By the Rev. Darren Miner
If you have been watching the news reports of late, you will have heard about racial unrest in Ferguson, Missouri; ethnic warfare in Gaza; and ethnic cleansing in Iraq. Sensitized to racial and ethnic tensions in the world today, we find that today’s Gospel reading grates on our ears. There is a temptation for preachers to gloss over the story, since Jesus’ behavior is an embarrassment. But it would be foolish to do so, for, believe it or not, this story is a turning point in the course of the history of salvation!
Jesus heads to Gentile territory, to the coast of what today is Lebanon. According to Saint Mark’s account, Jesus intends to hide out there and stay out of the public eye. He certainly does not intend to make himself known by public healings.
But Jesus’ intentions are thwarted when he is confronted by a woman with a sick daughter. The woman is identified by Matthew as a Canaanite. Now this identification is unusual. For the term “Canaanite” was archaic. It would be like referring to an Irishman as a “Hibernian.” In Saint Mark’s version of the story, she is called a “Syrophoenician,” the more usual term. So why does Saint Matthew used the old-fashioned word “Canaanite”? Well, the answer is that he wants to bring to mind the ancestral hatred between the Israelites and the Canaanites. For Matthew, the point is not just that she is a pagan, but that she is the enemy! (Imagine, if you will, a Jewish rabbi today confronted by a Palestinian woman in Gaza.)
Despite the historical enmity between her people and the Jews and despite the cultural norms that forbade a woman from addressing a strange man, this desperate woman seeks out the help of this foreign healer. Somehow, she has come to know about him and about the fact that he is reputed to be the Messiah of the Jews; it is for that reason that she uses the messianic term of address “Son of David.” She begs Jesus to help her sick daughter. But Jesus’s initial response is stony silence.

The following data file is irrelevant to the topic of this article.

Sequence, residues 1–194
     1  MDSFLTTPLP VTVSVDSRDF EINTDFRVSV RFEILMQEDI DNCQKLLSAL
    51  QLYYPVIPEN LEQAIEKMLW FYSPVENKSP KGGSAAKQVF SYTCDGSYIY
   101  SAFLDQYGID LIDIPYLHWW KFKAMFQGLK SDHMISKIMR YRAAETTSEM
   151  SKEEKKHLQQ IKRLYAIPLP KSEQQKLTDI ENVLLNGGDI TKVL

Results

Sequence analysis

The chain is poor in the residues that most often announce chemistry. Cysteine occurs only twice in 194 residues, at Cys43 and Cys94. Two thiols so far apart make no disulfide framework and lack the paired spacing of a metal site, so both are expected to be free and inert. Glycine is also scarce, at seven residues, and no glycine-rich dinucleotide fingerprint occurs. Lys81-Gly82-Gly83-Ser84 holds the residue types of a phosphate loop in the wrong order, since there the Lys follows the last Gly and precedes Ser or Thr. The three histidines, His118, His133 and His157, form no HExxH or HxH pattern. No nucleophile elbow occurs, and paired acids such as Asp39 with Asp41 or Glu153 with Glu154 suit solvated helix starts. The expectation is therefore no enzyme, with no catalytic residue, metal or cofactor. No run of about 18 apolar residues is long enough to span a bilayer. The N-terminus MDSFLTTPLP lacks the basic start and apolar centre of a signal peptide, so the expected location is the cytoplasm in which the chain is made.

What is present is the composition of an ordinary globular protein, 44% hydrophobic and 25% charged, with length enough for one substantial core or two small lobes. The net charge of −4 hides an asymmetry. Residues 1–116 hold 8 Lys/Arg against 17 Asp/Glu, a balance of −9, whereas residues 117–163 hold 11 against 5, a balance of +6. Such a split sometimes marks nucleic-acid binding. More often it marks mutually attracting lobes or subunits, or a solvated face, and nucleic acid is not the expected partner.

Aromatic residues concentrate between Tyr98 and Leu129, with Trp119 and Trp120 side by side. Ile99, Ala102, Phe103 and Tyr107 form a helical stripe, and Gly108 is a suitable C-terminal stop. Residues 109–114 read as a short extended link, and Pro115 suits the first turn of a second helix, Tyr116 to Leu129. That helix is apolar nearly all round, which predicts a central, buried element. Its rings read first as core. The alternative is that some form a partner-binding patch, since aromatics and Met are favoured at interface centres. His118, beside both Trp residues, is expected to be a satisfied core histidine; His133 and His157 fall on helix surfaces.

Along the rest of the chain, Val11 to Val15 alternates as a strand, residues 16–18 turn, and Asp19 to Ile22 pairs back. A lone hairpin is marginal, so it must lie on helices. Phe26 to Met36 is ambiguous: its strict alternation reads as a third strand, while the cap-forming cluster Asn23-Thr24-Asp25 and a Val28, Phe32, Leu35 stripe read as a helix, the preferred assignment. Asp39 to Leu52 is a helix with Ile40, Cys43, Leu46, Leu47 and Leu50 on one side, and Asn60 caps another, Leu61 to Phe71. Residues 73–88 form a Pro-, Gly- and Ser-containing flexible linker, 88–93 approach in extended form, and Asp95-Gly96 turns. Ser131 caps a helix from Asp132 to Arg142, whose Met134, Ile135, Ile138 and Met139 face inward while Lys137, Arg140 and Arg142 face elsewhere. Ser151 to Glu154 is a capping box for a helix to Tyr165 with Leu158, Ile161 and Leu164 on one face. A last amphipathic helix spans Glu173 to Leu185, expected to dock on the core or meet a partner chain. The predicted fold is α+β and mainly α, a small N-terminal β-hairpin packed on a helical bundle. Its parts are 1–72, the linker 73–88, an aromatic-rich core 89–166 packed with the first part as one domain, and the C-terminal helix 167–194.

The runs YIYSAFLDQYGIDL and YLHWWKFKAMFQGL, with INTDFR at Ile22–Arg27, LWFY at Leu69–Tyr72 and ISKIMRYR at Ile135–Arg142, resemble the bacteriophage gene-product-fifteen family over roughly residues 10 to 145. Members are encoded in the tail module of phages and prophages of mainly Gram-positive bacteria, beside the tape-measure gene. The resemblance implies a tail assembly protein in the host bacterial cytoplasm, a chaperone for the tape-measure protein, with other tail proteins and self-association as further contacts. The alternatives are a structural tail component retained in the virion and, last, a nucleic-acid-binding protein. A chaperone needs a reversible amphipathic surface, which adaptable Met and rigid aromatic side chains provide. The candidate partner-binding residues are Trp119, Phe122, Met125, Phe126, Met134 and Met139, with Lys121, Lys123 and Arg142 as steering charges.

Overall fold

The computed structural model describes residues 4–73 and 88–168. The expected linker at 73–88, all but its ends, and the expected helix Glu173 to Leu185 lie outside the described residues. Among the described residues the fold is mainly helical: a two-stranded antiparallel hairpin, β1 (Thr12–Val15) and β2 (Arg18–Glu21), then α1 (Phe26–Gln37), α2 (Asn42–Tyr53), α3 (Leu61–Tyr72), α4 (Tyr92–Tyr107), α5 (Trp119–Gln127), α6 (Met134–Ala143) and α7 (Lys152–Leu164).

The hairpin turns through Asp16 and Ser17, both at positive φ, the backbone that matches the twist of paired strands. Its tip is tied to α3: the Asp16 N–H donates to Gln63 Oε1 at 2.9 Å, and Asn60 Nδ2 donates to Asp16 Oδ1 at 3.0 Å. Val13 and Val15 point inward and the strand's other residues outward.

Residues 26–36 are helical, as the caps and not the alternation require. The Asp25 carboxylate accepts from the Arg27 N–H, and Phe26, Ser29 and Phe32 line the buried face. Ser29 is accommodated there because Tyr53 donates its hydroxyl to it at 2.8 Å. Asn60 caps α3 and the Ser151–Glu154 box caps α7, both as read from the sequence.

Yet the woman persists, and her persistence is such an annoyance that the disciples ask Jesus to send her packing. He tries to convince her to give up and leave by explaining that his healing mission is reserved for the children of Israel—and only the children of Israel. Still, the woman persists. She proceeds to prostrate herself at Jesus’ feet, crying, “Lord, help me!” Seemingly unmoved, Jesus responds, “It is not fair to take the children’s bread and throw it to the little dogs.” The upshot of Jesus’ graphic metaphor is that his ministry (and God’s grace!) are not intended for Gentile dogs. In particular, Jesus is flatly refusing to heal the “little dog” who happens to be this woman’s sick daughter!
Now, I don’t have to tell you how awful Jesus’ words sound to our American ears. But, in point of fact, what Jesus says to this poor woman is even worse in a middle-eastern context. In the Bible, the term “dog” was used to describe idolaters, prostitutes, and greedy oppressors of the poor. In the modern-day Middle East, the term is used as an epithet to describe scum of the earth of every sort.
By way of example, let me digress a moment and tell you a story about our very own music director, Mathew. Many years ago, Mathew came home from work and announced that he was tendering his resignation because his boss had shamed him at work. I asked him what on earth had happened. And it seems that Mathew had accomplished some task in an unexpectedly clever way, and his boss had congratulated him by calling him a “sly dog.” Now, Mathew, who grew up in Kuwait, took this as a shameful insult that required his resignation. Needless to say, I explained that “sly dog” was not a deadly insult in American vernacular, and Mathew judiciously decided to keep his job after all. I hope this digression gives you a sense of the impact of the epithet “dog” in a middle-eastern context.